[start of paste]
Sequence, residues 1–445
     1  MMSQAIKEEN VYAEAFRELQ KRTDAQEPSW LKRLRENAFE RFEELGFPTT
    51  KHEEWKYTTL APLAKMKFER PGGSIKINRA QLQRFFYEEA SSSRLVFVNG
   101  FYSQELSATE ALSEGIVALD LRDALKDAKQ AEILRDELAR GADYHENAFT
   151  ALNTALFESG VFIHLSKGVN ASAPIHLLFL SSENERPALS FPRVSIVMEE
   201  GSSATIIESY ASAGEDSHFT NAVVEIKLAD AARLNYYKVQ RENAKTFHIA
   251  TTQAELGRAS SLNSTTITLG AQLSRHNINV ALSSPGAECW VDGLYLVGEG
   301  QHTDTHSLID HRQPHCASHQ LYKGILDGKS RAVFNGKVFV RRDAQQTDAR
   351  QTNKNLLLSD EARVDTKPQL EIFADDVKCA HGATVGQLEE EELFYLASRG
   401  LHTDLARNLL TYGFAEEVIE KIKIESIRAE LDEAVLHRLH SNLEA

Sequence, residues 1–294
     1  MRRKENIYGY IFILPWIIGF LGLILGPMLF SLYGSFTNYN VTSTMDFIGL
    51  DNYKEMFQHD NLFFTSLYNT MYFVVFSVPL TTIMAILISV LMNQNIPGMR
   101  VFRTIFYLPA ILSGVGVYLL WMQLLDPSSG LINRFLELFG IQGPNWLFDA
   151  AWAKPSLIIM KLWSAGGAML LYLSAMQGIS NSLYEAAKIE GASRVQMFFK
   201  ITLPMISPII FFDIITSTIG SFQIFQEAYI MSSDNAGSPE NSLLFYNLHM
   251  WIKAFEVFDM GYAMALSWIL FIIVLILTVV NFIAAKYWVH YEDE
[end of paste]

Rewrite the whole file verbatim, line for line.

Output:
Sequence, residues 1–445
     1  MMSQAIKEEN VYAEAFRELQ KRTDAQEPSW LKRLRENAFE RFEELGFPTT
    51  KHEEWKYTTL APLAKMKFER PGGSIKINRA QLQRFFYEEA SSSRLVFVNG
   101  FYSQELSATE ALSEGIVALD LRDALKDAKQ AEILRDELAR GADYHENAFT
   151  ALNTALFESG VFIHLSKGVN ASAPIHLLFL SSENERPALS FPRVSIVMEE
   201  GSSATIIESY ASAGEDSHFT NAVVEIKLAD AARLNYYKVQ RENAKTFHIA
   251  TTQAELGRAS SLNSTTITLG AQLSRHNINV ALSSPGAECW VDGLYLVGEG
   301  QHTDTHSLID HRQPHCASHQ LYKGILDGKS RAVFNGKVFV RRDAQQTDAR
   351  QTNKNLLLSD EARVDTKPQL EIFADDVKCA HGATVGQLEE EELFYLASRG
   401  LHTDLARNLL TYGFAEEVIE KIKIESIRAE LDEAVLHRLH SNLEA

Sequence, residues 1–294
     1  MRRKENIYGY IFILPWIIGF LGLILGPMLF SLYGSFTNYN VTSTMDFIGL
    51  DNYKEMFQHD NLFFTSLYNT MYFVVFSVPL TTIMAILISV LMNQNIPGMR
   101  VFRTIFYLPA ILSGVGVYLL WMQLLDPSSG LINRFLELFG IQGPNWLFDA
   151  AWAKPSLIIM KLWSAGGAML LYLSAMQGIS NSLYEAAKIE GASRVQMFFK
   201  ITLPMISPII FFDIITSTIG SFQIFQEAYI MSSDNAGSPE NSLLFYNLHM
   251  WIKAFEVFDM GYAMALSWIL FIIVLILTVV NFIAAKYWVH YEDE